Updated: December 15, 2020 7:29:54 am
In a boost to its efforts to disinvest stake in Air India, the Centre said Monday that it has received “multiple expressions of interest” for the debt-laden airline. These include bids from the Tata Group and a consortium comprising several of the airline’s employees and a US-based investment firm, sources told The Indian Express.
The deadline for submission of formal bids closed at 5 pm Monday and the Government is expected to notify the qualified bidders on January 5. This is the Government’s second attempt at disinvesting its stake in the airline after the previous move in 2018 ended up without a bid.
The signal behind sale
While meeting the disinvestment target of Rs 2.1 lakh crore for 2020-21 may be a tall order — just 5% has been achieved so far — a successful sale of Air India will send a strong message on the seriousness of the government’s strategic sale plan.
“Multiple expressions of interest have been received for strategic disinvestment of Air India. The transaction will now move to the second stage,” Tuhin Kanta Pandey, Secretary, Department of Investment and Public Asset Management, posted in a tweet.
Earlier, the Government had put up 76 per cent stake in Air India for sale along with a portion of debt. But this time, it plans to divest 100 per cent of its equity share capital in Air India Ltd, which includes Air India’s shareholding interest of 100 per cent in Air India Express and 50 per cent in Air India SATS Airport Services.
According to sources, the Tata Group has submitted an official expression of interest for the airline although the bid has not been placed through its affiliate airlines, Vistara or AirAsia India. A Tata Group spokesperson declined comment.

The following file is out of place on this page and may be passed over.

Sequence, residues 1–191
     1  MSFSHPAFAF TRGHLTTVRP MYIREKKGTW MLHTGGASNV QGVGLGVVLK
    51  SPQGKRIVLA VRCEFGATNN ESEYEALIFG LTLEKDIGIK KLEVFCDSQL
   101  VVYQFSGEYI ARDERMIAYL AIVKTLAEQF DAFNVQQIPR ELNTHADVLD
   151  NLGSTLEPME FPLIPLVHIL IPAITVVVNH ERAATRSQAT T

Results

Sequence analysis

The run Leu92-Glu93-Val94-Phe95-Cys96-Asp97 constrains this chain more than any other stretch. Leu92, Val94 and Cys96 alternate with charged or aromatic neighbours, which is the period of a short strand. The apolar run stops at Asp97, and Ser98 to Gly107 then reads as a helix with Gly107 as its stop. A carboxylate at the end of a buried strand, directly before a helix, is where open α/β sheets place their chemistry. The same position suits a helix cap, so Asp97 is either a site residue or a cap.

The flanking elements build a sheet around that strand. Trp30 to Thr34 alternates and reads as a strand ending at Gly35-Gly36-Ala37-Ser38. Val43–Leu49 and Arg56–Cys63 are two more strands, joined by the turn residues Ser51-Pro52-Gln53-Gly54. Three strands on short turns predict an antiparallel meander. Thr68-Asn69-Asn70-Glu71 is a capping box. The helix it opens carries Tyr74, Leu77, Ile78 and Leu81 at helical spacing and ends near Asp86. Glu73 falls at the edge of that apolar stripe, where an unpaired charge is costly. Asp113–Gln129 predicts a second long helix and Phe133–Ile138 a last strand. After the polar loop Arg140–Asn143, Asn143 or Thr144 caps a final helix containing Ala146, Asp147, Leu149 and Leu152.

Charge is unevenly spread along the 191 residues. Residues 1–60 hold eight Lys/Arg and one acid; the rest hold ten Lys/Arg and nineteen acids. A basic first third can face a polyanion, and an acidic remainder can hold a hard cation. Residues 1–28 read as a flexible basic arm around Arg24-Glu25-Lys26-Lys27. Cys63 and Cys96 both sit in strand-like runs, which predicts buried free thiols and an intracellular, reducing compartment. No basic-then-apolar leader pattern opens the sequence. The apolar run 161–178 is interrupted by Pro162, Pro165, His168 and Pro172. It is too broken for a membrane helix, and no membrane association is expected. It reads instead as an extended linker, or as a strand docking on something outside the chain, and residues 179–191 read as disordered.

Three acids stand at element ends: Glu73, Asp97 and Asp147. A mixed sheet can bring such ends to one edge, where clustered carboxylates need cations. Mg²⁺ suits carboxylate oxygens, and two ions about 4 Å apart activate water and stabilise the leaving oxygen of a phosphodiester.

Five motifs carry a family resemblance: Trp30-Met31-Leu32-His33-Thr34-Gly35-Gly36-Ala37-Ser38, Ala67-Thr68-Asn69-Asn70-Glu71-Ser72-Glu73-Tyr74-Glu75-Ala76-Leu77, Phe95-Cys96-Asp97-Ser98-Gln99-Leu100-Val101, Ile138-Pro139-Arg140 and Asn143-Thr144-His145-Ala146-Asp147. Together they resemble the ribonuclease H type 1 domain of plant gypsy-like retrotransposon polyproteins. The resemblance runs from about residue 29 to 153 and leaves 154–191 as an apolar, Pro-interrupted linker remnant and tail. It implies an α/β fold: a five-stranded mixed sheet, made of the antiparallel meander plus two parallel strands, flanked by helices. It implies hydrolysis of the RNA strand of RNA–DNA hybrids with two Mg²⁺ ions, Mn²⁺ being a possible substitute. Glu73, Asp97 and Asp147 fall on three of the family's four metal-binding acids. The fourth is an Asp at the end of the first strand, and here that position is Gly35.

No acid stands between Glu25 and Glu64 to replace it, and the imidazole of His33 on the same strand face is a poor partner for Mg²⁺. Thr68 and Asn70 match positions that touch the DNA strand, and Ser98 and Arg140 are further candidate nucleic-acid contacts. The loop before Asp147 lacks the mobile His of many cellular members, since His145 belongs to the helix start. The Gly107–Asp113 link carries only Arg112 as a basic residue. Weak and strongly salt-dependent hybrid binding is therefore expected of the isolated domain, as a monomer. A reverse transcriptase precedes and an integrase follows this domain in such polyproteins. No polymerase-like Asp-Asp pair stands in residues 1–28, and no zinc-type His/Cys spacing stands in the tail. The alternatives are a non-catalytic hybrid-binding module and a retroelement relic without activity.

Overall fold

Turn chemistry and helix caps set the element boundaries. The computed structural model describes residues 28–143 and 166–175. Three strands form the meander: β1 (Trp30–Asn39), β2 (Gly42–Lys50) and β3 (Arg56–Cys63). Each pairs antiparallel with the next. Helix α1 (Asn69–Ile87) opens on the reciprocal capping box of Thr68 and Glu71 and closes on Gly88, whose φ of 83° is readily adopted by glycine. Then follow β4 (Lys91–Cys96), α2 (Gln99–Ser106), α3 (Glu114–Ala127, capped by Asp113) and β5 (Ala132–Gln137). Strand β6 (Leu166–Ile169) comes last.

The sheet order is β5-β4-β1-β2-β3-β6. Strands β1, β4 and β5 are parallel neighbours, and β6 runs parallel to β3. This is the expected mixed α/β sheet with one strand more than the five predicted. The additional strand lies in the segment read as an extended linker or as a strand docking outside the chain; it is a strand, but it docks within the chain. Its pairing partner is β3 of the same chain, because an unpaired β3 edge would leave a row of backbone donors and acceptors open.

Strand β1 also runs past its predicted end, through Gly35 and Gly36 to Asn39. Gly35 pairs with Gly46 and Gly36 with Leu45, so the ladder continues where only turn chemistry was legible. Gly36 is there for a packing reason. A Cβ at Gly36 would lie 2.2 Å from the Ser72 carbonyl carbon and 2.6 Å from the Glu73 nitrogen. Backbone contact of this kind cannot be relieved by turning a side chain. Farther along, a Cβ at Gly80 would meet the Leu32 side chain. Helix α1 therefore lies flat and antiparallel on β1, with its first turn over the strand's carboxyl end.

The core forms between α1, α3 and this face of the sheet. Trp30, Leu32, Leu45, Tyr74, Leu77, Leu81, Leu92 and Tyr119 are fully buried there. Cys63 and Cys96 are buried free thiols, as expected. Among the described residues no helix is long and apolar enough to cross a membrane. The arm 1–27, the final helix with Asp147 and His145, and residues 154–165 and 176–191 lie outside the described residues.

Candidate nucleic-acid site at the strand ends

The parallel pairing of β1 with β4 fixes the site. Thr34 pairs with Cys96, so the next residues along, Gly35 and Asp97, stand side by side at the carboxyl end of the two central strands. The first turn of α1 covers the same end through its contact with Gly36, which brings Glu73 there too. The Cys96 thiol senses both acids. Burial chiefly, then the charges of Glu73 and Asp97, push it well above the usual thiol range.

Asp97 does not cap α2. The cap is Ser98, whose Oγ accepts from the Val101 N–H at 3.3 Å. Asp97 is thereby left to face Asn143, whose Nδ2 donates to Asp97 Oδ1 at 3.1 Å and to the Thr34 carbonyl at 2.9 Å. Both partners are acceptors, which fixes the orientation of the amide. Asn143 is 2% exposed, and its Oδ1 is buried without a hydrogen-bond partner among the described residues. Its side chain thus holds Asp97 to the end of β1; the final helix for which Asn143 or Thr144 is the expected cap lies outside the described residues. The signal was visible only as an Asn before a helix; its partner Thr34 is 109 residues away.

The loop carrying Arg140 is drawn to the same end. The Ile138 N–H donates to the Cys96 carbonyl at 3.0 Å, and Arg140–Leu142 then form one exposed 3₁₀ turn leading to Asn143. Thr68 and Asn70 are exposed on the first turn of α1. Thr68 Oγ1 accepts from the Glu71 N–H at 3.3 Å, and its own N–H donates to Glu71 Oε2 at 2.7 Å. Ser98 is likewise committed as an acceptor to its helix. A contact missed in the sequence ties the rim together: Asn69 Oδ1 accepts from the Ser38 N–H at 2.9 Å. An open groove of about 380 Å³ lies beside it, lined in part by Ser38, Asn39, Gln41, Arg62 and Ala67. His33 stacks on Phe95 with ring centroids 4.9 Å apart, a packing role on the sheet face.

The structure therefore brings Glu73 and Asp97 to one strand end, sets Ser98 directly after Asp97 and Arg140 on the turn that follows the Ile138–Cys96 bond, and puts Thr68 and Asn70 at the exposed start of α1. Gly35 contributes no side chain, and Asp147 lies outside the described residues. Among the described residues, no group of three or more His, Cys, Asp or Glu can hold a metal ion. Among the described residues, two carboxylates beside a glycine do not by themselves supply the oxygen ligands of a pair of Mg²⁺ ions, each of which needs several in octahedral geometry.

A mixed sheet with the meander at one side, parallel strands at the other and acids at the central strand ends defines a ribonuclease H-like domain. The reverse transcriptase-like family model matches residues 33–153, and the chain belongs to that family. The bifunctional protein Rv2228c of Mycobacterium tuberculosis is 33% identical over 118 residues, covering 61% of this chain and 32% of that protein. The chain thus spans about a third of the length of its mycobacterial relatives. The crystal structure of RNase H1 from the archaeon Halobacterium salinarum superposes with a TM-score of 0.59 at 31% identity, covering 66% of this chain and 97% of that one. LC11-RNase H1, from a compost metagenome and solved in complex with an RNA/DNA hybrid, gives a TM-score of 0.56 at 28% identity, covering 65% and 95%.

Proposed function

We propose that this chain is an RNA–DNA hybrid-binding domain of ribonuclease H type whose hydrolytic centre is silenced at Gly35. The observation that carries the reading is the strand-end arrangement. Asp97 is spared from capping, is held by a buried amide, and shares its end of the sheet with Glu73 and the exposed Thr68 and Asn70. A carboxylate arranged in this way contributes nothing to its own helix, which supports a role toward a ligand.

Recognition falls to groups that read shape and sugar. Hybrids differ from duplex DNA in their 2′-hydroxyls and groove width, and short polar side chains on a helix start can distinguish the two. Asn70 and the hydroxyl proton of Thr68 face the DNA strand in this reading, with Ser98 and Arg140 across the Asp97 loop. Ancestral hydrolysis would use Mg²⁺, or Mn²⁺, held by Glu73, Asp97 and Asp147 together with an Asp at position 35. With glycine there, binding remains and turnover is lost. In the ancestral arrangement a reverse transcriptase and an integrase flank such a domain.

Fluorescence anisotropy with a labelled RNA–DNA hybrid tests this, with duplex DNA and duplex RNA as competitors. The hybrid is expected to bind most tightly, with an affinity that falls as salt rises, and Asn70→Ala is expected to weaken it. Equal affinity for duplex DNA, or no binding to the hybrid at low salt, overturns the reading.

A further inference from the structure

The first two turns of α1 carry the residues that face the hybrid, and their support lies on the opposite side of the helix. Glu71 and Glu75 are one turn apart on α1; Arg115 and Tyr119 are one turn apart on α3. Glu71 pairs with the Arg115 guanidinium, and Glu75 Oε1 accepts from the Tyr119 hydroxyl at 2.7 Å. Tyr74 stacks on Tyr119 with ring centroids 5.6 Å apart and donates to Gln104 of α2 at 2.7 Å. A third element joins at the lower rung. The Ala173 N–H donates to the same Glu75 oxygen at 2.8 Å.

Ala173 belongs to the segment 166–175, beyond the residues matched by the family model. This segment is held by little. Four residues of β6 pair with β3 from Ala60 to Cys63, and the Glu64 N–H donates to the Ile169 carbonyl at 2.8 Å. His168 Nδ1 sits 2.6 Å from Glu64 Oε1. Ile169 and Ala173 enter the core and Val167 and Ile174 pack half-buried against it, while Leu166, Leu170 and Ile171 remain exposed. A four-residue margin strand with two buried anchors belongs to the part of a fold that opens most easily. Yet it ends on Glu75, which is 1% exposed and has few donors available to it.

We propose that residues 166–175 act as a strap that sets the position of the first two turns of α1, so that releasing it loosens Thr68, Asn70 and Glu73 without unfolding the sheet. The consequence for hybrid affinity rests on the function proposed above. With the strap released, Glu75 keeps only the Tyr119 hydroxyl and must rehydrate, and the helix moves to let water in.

The other confirmed bid has been placed by a consortium of Air India employees and Interups Inc, according to Laxmi Prasad, the chairman of the US-based firm. On its website, Interups says it “is a publicly listed company engaged in the business of identifying and investing into business opportunities or transactions either directly or on behalf of its stakeholders, affiliates, associate concerns and clients”.
The bid by the consortium proposes to give 51 per cent stake to the group of employees involved, which includes some board members among 219 staffers, and 49 per cent to Interups Inc, which will act as the financial partner.
The plan to include employees was put in motion by Air India’s commercial director Meenakshi Mallik, who wrote to nearly 20,000 staff seeking participation in the disinvestment process. Some employee unions, however, had advised their members against the move.
In its latest disinvestment move, a key change made by the Government in terms of bidding is that it has allowed potential investors to bid on the basis of enterprise value, effectively allowing the bidders to determine the debt level they would want to take on.
Air India had current liabilities and provisions, including short-term loans and trade payables, of Rs 70,686.6 crore and a net debt of Rs 58,255 crore at the end of 2018-19. Thereafter, the Centre transferred Rs 29,464 crore of this debt to a Government-owned special purpose vehicle, Air India Assets Holding Company Ltd.
The entities that have submitted expressions of interest need to submit physical bids by December 29. Qualified bidders will place bids on the basis of enterprise value and the winning entity will be decided on the basis of whoever quotes the highest enterprise value. This entity will then have to pay at least 15 per cent of the quoted enterprise value in cash, while the rest can be taken on as debt.
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